While many people in Florida and south Georgia began picking up after Hurricane Michael last year, many groups at Robins Air Force Base started to pack up.

"We helped clear the roads," said 116th Air Control Wing Commander Colonel Ato Crumbly. "The state troopers, first responders, the medics, they have to use the available roads to move trees, bushes, or debris."

Their active duty partners with the 461st Air Control Wing also made their way south to Tyndall Air Force Base.

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"Within about 18 hours, we had people in the back of CV-22s and C-130s going down to Tyndall Air Force Base in order to help re-open their runways, and all of that was in preparation for heavy planes to bring in teams," said 461st Commander Colonel Curt Bass.

It was not the first time either of these groups pitched in after a natural disaster, and it likely won't be the last.

"I want to be on the preventative side now," said Col. Crumbly. "I have things now that aren't broken, but they might break. So, I want to make sure that I get in front of that, so just in case it does, no citizen of Georgia has to go without, because I didn't prepare."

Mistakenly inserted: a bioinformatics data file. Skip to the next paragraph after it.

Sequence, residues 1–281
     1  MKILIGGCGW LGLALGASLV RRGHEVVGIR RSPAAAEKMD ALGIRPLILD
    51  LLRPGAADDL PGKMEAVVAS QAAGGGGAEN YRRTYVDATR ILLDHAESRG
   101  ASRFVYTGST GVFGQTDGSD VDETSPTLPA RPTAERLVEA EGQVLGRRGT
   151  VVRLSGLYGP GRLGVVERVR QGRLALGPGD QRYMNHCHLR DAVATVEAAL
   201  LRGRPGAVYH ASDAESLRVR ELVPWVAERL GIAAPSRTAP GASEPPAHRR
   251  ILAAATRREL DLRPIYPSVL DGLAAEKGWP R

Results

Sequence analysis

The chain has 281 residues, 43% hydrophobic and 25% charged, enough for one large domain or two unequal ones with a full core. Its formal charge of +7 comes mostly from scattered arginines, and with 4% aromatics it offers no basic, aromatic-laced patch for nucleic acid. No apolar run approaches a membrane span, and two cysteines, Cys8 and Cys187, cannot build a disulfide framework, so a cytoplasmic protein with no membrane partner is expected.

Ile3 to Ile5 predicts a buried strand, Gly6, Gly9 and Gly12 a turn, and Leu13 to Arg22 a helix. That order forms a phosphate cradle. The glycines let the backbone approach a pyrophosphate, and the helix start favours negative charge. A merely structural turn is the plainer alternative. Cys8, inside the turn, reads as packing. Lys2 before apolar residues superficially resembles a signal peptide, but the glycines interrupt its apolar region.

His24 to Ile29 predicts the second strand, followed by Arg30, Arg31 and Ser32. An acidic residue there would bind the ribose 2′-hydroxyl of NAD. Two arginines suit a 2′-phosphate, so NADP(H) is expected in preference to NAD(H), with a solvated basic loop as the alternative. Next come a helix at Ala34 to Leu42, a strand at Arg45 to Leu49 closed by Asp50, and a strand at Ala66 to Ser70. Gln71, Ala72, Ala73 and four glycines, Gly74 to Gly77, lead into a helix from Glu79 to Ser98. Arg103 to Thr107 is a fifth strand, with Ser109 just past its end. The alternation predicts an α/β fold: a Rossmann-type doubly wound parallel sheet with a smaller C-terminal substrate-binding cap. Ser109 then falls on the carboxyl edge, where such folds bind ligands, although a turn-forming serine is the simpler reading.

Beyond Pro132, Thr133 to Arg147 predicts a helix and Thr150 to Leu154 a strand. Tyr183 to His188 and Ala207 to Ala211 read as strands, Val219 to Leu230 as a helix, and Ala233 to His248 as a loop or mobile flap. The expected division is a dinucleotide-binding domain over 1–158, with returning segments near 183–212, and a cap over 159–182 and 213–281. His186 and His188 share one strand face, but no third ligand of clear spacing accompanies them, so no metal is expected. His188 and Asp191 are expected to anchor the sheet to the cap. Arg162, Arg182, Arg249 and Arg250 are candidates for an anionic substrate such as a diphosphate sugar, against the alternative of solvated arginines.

He says the work members of JSTARS puts in every day prepares them for responding during a natural disaster. Crumbly says they can use the same surveillance and communication they provide to troops in war zones to help survey damage after a storm.

"If we can see a bridge is still there, we'll let them know, 'you need to move  your resources over to this place where this bridge is not intact.' It saves time and resources on the ground," said Col. Crumbly.

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They aren't the only eyes in the sky. It's the job of the Air Force Reserve Command to deploy the Hurricane Hunters out of Keesler Air Force Base in Mississippi.

The planes fly right into the eye of the storm to collect important data for forecasters. Right now, they are also in preparation mode as they tour areas of the Caribbean.

"To get their folks ready," said  AFRC Deputy Commander Major General Kenneth Lewis. "To understand the area they're going to fly in, to get more acquainted."

The  Fifth Combat Communications group at Robins also headed south after Hurricane Michael. They set up systems to help Tyndall Air Force Base begin limited operations after the storm.